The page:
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See detailRare coding variants in genes encoding GABAA receptors in genetic generalised epilepsies: an exome-based case-control study
May, Patrick UL; Girard, Simon; Harrer, Merle et al

in Lancet Neurology (2018), 17(8), 699-708

Background Genetic generalised epilepsy is the most common type of inherited epilepsy. Despite a high concordance rate of 80% in monozygotic twins, the genetic background is still poorly understood. We ... [more ▼]

Background Genetic generalised epilepsy is the most common type of inherited epilepsy. Despite a high concordance rate of 80% in monozygotic twins, the genetic background is still poorly understood. We aimed to investigate the burden of rare genetic variants in genetic generalised epilepsy. Methods For this exome-based case-control study, we used three different genetic generalised epilepsy case cohorts and three independent control cohorts, all of European descent. Cases included in the study were clinically evaluated for genetic generalised epilepsy. Whole-exome sequencing was done for the discovery case cohort, a validation case cohort, and two independent control cohorts. The replication case cohort underwent targeted next-generation sequencing of the 19 known genes encoding subunits of GABAA receptors and was compared to the respective GABAA receptor variants of a third independent control cohort. Functional investigations were done with automated two-microelectrode voltage clamping in Xenopus laevis oocytes. Findings Statistical comparison of 152 familial index cases with genetic generalised epilepsy in the discovery cohort to 549 ethnically matched controls suggested an enrichment of rare missense (Nonsyn) variants in the ensemble of 19 genes encoding GABAA receptors in cases (odds ratio [OR] 2·40 [95% CI 1·41–4·10]; pNonsyn=0·0014, adjusted pNonsyn=0·019). Enrichment for these genes was validated in a whole-exome sequencing cohort of 357 sporadic and familial genetic generalised epilepsy cases and 1485 independent controls (OR 1·46 [95% CI 1·05–2·03]; pNonsyn=0·0081, adjusted pNonsyn=0·016). Comparison of genes encoding GABAA receptors in the independent replication cohort of 583 familial and sporadic genetic generalised epilepsy index cases, based on candidate-gene panel sequencing, with a third independent control cohort of 635 controls confirmed the overall enrichment of rare missense variants for 15 GABAA receptor genes in cases compared with controls (OR 1·46 [95% CI 1·02–2·08]; pNonsyn=0·013, adjusted pNonsyn=0·027). Functional studies for two selected genes (GABRB2 and GABRA5) showed significant loss-of-function effects with reduced current amplitudes in four of seven tested variants compared with wild-type receptors. Interpretation Functionally relevant variants in genes encoding GABAA receptor subunits constitute a significant risk factor for genetic generalised epilepsy. Examination of the role of specific gene groups and pathways can disentangle the complex genetic architecture of genetic generalised epilepsy. [less ▲]

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See detailDe novo Variants in Neurodevelopmental Disorders with Epilepsy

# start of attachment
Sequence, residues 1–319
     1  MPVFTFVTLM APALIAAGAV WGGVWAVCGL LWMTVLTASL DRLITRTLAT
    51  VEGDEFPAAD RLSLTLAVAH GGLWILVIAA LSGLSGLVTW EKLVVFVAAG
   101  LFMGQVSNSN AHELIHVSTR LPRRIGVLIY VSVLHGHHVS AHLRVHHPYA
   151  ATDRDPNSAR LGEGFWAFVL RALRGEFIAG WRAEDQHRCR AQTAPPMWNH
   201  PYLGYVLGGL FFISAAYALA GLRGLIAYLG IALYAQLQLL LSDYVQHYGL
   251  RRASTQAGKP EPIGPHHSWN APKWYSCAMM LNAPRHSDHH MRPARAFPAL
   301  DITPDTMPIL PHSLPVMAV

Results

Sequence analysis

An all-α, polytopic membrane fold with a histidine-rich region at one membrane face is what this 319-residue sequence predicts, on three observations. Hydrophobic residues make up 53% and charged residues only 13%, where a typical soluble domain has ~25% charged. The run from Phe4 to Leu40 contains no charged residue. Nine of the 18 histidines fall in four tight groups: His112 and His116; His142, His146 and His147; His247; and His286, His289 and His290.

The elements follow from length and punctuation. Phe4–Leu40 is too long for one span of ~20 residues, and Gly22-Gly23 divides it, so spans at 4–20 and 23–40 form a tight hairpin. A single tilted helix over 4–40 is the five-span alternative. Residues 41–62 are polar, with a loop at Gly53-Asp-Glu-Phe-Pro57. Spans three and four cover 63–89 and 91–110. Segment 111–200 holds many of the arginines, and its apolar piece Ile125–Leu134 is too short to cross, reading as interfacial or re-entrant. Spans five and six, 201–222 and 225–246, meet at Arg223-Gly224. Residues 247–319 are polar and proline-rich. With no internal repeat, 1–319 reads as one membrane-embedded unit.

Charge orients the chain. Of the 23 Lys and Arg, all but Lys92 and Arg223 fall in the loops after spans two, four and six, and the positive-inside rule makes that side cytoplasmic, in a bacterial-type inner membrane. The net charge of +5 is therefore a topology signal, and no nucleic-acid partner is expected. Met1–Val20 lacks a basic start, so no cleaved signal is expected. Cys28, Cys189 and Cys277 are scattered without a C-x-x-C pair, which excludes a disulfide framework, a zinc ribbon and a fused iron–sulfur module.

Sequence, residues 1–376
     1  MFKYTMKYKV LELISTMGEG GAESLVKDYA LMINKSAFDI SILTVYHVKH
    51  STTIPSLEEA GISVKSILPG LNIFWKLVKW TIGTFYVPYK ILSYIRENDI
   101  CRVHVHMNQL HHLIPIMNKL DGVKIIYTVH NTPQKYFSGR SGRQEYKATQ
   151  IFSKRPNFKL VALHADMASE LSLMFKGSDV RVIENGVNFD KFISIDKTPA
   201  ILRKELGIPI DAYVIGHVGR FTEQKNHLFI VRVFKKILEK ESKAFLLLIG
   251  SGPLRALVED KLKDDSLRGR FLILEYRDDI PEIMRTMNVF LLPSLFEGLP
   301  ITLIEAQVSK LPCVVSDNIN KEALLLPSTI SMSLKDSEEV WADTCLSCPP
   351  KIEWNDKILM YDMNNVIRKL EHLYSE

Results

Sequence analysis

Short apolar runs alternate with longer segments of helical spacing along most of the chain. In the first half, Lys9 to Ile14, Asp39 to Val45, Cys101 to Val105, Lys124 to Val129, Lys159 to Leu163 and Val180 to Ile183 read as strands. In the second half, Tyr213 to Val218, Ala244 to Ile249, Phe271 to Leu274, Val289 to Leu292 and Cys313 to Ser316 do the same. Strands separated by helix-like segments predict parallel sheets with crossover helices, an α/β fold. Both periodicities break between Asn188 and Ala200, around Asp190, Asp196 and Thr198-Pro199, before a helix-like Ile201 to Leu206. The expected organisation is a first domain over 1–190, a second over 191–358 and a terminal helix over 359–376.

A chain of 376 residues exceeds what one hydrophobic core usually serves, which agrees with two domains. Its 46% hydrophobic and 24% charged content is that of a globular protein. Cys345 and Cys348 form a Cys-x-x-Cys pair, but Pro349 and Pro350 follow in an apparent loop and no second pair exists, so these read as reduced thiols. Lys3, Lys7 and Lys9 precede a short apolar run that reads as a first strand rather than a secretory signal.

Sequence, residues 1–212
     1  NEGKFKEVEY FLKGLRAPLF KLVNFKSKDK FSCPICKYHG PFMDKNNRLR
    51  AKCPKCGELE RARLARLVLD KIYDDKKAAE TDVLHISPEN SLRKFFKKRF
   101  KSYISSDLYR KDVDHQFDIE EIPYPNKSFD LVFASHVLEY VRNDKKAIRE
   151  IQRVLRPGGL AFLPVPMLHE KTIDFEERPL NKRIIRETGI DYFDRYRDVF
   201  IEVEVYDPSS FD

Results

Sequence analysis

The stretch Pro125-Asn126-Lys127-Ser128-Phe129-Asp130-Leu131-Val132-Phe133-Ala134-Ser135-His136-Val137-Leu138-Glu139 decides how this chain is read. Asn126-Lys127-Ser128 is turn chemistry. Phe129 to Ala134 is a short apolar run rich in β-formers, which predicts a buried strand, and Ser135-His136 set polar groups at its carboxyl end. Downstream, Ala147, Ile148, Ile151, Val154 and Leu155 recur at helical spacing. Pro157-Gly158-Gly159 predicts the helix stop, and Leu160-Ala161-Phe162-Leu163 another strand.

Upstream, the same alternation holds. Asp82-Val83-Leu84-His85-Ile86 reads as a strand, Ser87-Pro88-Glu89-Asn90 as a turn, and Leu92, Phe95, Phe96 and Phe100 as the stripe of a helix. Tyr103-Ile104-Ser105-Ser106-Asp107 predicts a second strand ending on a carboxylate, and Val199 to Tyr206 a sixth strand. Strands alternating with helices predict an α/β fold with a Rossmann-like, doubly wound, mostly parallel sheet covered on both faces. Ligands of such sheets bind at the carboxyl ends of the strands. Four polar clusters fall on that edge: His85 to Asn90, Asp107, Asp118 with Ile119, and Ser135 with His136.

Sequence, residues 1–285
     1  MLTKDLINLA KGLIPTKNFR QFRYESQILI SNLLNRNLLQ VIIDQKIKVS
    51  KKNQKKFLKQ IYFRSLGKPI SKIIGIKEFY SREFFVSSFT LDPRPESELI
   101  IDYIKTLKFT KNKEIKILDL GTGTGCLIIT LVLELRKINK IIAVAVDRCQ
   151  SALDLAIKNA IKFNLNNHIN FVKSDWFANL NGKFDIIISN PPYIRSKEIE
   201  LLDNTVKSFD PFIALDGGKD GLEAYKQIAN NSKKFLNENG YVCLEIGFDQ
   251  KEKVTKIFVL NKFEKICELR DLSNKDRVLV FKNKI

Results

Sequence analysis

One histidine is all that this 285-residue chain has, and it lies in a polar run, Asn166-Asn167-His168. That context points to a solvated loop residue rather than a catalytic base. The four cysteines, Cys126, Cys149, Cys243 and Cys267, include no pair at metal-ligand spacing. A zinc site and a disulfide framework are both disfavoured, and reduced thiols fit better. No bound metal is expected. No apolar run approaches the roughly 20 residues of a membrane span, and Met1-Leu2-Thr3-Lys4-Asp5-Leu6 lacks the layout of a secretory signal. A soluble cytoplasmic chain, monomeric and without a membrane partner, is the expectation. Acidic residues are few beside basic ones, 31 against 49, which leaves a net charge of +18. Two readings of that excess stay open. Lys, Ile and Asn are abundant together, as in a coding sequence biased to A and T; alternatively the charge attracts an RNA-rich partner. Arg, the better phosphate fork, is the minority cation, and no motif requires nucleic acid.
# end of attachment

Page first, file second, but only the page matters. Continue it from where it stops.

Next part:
Heyne, Henrike O.; Singh, Tarijinder; Stamberger, Hannah et al

in Nature Genetics (2018)

Epilepsy is a frequent feature of neurodevelopmental disorders (NDD) but little is known about genetic differences between NDD with and without epilepsy. We analyzed de novo variants (DNV) in 6753 parent ... [more ▼]

Epilepsy is a frequent feature of neurodevelopmental disorders (NDD) but little is known about genetic differences between NDD with and without epilepsy. We analyzed de novo variants (DNV) in 6753 parent-offspring trios ascertained for different NDD. In the subset of 1942 individuals with NDD with epilepsy, we identified 33 genes with a significant excess of DNV, of which SNAP25 and GABRB2 had previously only limited evidence for disease association. Joint analysis of all individuals with NDD also implicated CACNA1E as a novel disease gene. Comparing NDD with and without epilepsy, we found missense DNV, DNV in specific genes, age of recruitment and severity of intellectual disability to be associated with epilepsy. We further demonstrate to what extent our results impact current genetic testing as well as treatment, emphasizing the benefit of accurate genetic diagnosis in NDD with epilepsy. [less ▲]

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See detailDe novo Variants in Neurodevelopmental Disorders with Epilepsy
Heyne, Henrike O.; EuroEPINOMICS RES Consortium; Abou Jamra, Rami et al

E-print/Working paper (2018)

Neurodevelopmental disorders (NDD) with epilepsy constitute a complex and heterogeneous phenotypic spectrum of largely unclear genetic architecture. We conducted exome-wide enrichment analyses for protein ... [more ▼]

Neurodevelopmental disorders (NDD) with epilepsy constitute a complex and heterogeneous phenotypic spectrum of largely unclear genetic architecture. We conducted exome-wide enrichment analyses for protein-altering de novo variants (DNV) in 7088 parent-offspring trios with NDD of which 2151 were comorbid with epilepsy. In this cohort, the genetic spectrum of epileptic encephalopathy (EE) and nonspecific NDD with epilepsy were markedly similar. We identified 33 genes significantly enriched for DNV in NDD with epilepsy, of which 27.3 were associated with therapeutic consequences. These 33 DNV-enriched genes were more often associated with synaptic transmission but less with chromatin modification when compared to NDD without epilepsy. On average, only 53 of the DNV-enriched genes were represented on available diagnostic sequencing panels, so our findings should drive significant improvements of genetic testing approaches. [less ▲]